While I was prepping my Top Five Films of 2017 list this year, I took a look back at the 2016 list to see which of those films had the most staying power. I’m definitely guilty of getting swept up in awards season hype, lauding a film then forgetting all about it a month later (cough *Argo* cough). Of any pick from that 2016 list, the one with the best legs is definitely Hell or High Water (DVD/Download). I have watched this movie with a salty Navy vet, several times with my husband, once with my cat-loving mother-in-law, and yet again with my dad (semi-professional “shoot em up” connoisseur). Five stars from everyone, and I’m still not sick of it. I think this one is here to stay.
Hell or High Water is one of those rare films that spans multiple genres, but does it so well that it doesn’t get pigeonholed into any one of them. It could be considered a Western, or a heist film, or even an art-house drama. The story of two brothers robbing small West Texas banks to save the family farm sounds very simplistic, but Taylor Sheridan’s clever script turns this into a complex masterpiece with not a single loose thread left hanging. Chris Pine (sporting the best mustache since Clark Gable swept Vivienne Leigh off her feet) is a revelation as the quiet, thoughtful brother trying to atone for past sins and pull his family out of poverty, and Ben Foster turns in some of his best work as the reckless ex-con who you know right away is too wild to walk away from this unscathed. Jeff Bridges elevates the stereotypical “I’m too old for this shit” Texas Ranger character into an homage to Western cinema heroes- his hotel blanket draped around his shoulders like a serape cape fit for a superhero.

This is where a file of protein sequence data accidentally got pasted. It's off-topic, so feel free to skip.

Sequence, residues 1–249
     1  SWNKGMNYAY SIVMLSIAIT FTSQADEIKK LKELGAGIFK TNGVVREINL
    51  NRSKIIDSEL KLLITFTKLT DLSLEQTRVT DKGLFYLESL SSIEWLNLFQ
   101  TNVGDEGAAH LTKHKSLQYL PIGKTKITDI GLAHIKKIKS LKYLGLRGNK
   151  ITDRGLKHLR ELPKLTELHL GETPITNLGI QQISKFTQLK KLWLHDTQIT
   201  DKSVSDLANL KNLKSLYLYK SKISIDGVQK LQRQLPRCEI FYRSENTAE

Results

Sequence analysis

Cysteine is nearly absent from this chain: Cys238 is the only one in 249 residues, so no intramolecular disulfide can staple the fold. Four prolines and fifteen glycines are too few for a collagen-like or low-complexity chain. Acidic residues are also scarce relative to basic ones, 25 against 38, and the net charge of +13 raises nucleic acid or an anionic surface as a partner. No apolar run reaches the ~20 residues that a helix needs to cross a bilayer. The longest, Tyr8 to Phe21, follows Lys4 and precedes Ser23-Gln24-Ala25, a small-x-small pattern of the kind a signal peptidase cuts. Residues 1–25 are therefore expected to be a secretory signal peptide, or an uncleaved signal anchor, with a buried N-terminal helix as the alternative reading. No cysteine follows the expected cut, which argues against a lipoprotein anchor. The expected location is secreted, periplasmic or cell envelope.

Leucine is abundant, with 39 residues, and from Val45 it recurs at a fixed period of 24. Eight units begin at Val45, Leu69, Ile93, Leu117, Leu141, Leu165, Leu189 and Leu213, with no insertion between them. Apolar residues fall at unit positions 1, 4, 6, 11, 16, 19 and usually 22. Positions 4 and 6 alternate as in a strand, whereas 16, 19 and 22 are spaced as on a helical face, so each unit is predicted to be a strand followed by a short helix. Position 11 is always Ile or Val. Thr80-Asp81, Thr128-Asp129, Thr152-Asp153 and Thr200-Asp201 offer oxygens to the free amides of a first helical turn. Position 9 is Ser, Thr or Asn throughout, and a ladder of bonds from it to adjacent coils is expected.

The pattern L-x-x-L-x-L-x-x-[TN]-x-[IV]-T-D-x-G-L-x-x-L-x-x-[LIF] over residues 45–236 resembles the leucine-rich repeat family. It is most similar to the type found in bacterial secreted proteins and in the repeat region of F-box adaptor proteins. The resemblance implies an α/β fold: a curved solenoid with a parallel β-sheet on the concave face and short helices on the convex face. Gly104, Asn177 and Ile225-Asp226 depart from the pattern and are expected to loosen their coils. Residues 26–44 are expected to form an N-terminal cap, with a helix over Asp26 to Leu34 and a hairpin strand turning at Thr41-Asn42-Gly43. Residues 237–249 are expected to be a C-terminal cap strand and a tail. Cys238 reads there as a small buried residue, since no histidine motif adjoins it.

I could get fancy with a Texas-inspired cocktail, but that’s not what this film is about. It’s about average folks and the lengths they’ll go to protect what’s theirs. It’s a movie about sipping a beer on a ramshackle porch, wondering if there’s even such a thing as right and wrong anymore. While watching Hell or High Water, I recommend getting a Shiner Family Reunion 6-pack, maybe a shot of whiskey, and kicking back with a damn good movie.
I tend to love films about sympathetic criminals because I think there’s a little part of all of us that can relate to good people doing bad things. Like Tom Ripley, I want the Howard brothers to get away with it. Or at the very least, go out in a blaze of glory. The great thing about Hell or High Water is that we get both, but it still leaves you guessing until the very end. Cheers!